HOSOI Yoshihiko Kinki University, Faculty of Biology-oriented Science and Engineering, Associat Professor, 生物理工学部, 助教授 (70192739)
SHIBATA Yasuyuki National Institute for Environmental Studies, Division of Environmental Chemistry, Chief Scientist, 化学環境部, 室長 (80154251)
WATANABE Okitsugu National Institute for Polar Research, Professor, 研究主幹教授 (60111861)
NAKAMURA Keiko Bio-History Research Hall, Vice President, 副館長 (00211433)
OKADA Tohichi Fukui Institute of Technology, Faculty of Engineering, Professor, 教授 (40028999)
|Budget Amount *help
¥7,100,000 (Direct Cost : ¥7,100,000)
Fiscal Year 1999 : ¥2,100,000 (Direct Cost : ¥2,100,000)
Fiscal Year 1998 : ¥2,500,000 (Direct Cost : ¥2,500,000)
Fiscal Year 1997 : ¥2,500,000 (Direct Cost : ¥2,500,000)
The BESTCapsule project, Biological and Environmental Specimen Time Capsule project, was proposed by the head investigator in 1989. Since 1994, it has been sponsored by the grant-in-aid for scientific research of the Japanese Ministry of Education (unfil 1998) and the Japan Society for the Promotion of Science (until 2000). The project aims at international networking of long-term cryogenic preservations of biological and environmental specimens for scientific purposes with an ultra-long-term preservation in Antarctica in natural freezing condition as a symbol and a highly-safe back-up system of the artificial preservation projects.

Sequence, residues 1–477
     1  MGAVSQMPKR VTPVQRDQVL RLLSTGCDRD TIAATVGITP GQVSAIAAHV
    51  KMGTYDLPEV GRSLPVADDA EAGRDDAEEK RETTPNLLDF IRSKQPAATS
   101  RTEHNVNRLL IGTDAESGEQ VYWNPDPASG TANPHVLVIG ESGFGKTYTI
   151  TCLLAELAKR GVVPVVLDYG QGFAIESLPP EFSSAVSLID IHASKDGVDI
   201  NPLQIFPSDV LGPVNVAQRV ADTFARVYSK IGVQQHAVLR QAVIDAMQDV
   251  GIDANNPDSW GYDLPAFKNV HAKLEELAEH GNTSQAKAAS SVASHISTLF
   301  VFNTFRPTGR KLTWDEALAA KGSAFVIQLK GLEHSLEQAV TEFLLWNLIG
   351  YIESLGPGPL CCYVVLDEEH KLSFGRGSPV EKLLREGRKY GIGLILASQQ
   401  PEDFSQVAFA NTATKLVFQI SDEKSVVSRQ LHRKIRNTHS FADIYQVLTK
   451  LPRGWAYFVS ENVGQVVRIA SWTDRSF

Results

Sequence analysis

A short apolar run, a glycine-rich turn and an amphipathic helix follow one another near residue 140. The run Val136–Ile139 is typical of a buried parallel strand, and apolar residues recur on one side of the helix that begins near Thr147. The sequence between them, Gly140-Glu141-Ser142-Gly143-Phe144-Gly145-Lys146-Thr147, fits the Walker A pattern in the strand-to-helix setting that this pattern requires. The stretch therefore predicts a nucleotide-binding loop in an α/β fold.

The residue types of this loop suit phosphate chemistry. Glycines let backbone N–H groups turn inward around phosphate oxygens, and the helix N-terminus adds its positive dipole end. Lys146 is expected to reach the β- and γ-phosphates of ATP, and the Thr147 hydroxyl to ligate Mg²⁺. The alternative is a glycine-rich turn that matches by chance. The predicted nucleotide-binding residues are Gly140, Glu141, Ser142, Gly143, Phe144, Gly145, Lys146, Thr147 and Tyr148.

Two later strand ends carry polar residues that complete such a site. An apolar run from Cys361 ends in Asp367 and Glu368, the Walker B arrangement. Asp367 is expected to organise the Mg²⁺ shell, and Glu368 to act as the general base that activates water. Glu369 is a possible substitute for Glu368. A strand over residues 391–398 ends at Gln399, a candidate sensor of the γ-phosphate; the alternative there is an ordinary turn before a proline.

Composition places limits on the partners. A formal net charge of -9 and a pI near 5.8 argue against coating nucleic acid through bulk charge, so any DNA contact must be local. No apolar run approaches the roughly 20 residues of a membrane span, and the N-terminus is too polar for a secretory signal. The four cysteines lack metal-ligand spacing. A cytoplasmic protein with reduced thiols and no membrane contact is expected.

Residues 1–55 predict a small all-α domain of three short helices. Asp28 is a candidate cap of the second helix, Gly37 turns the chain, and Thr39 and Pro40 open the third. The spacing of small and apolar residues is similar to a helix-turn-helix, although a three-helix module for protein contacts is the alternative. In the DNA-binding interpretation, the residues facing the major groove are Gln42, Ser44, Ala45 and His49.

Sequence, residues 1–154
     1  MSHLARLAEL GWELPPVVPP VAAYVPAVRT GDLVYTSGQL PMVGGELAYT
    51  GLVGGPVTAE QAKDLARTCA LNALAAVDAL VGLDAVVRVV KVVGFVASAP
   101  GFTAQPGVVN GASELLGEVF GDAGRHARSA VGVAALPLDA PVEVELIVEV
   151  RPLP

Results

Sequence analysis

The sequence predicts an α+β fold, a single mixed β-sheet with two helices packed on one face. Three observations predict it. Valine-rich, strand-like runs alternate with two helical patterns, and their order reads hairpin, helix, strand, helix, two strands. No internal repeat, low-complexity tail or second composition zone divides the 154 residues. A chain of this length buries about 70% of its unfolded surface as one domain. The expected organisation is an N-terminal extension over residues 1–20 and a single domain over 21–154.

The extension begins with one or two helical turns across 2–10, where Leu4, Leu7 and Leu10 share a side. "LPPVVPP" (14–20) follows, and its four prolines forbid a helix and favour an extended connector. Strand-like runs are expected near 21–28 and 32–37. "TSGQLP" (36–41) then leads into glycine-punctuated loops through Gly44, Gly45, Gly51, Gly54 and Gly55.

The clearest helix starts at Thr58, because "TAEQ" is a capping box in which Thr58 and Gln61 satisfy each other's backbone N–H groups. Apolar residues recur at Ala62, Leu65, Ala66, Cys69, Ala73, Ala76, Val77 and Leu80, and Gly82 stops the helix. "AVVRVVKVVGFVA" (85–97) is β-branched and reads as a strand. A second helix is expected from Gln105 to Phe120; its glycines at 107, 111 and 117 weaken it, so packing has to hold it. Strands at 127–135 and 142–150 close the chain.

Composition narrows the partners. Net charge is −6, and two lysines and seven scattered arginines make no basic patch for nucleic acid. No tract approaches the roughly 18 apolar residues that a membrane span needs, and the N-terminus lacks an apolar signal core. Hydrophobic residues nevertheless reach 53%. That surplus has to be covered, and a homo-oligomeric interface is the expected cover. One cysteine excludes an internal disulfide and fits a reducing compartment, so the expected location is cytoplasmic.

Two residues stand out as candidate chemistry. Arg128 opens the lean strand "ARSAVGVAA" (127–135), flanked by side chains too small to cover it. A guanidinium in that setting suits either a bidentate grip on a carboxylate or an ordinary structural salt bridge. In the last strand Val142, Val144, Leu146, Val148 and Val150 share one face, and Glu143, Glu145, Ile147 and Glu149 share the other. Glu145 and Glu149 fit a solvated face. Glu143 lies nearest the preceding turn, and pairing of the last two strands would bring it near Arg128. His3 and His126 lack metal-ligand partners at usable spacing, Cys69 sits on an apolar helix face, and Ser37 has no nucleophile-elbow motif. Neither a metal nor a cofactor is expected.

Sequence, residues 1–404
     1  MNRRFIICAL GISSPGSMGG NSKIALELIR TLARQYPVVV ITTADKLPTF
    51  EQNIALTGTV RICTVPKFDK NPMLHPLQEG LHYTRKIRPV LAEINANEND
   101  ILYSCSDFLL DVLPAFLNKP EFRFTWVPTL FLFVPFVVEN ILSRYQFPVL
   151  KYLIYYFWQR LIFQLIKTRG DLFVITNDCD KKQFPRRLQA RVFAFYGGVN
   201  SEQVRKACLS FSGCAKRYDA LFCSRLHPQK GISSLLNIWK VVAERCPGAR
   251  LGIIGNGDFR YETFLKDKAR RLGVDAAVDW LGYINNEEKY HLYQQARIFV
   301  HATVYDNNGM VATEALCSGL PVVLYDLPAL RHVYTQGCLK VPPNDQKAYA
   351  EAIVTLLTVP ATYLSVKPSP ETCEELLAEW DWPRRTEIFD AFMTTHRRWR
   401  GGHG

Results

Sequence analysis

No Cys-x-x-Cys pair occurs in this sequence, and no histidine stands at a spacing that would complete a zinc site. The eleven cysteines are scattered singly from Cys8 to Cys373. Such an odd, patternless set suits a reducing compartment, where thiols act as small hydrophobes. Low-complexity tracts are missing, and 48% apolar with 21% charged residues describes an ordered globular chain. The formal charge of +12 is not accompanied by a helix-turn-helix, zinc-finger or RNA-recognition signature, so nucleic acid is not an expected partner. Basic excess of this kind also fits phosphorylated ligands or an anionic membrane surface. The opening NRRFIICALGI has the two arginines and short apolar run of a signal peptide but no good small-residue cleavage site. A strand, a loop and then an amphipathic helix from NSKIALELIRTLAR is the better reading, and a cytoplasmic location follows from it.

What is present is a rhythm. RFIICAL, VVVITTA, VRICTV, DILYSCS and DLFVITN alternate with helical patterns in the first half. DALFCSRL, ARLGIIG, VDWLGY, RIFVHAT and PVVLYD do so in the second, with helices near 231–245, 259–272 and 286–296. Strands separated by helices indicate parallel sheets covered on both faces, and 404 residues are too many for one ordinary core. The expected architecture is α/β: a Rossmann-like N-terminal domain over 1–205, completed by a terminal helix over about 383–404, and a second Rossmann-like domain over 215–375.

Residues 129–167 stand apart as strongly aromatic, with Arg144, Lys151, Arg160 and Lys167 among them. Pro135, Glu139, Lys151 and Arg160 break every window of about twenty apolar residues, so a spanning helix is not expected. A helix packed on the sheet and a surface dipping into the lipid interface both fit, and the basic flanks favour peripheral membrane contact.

The best place on this planet for a natural ultra-long-term preservation selected by the comparative study is the Dome F base of the Japanese mission to Antarctica, on which no ice movement is observed, temperature is very low, i.e., -58 degree C (annual average) due to high elevation of 3,810 m, and annual ice accumulation is only 30 mm thanks to very sta
ble climate condition due to extremely high atmospheric pressure in the middle of ice covered continent.
In 1997, scientists from the world working in the cryogenic preservation projects joined in the BESTCapsule workshop held in Osaka, partly supported by this grant. Among them are the seed bank manager of the Millennium seed bank of the Royal Botanic Gardens, Kew of the U.K., which preserves seeds of wild flowers of the world for 500 years, the chief scientists of Environmental Specimen Banks of the U.S.A and Germany, the keeper of the Museum of Mankind of the British Museum, etc. The workshop became a milestone to create an international preservation network through interactive hot discussions.
The temperature at the Dome F is too high to preserve most of biological specimens in living condition. Technologies for long-term preservation of these specimens at -60 degree C were also studied.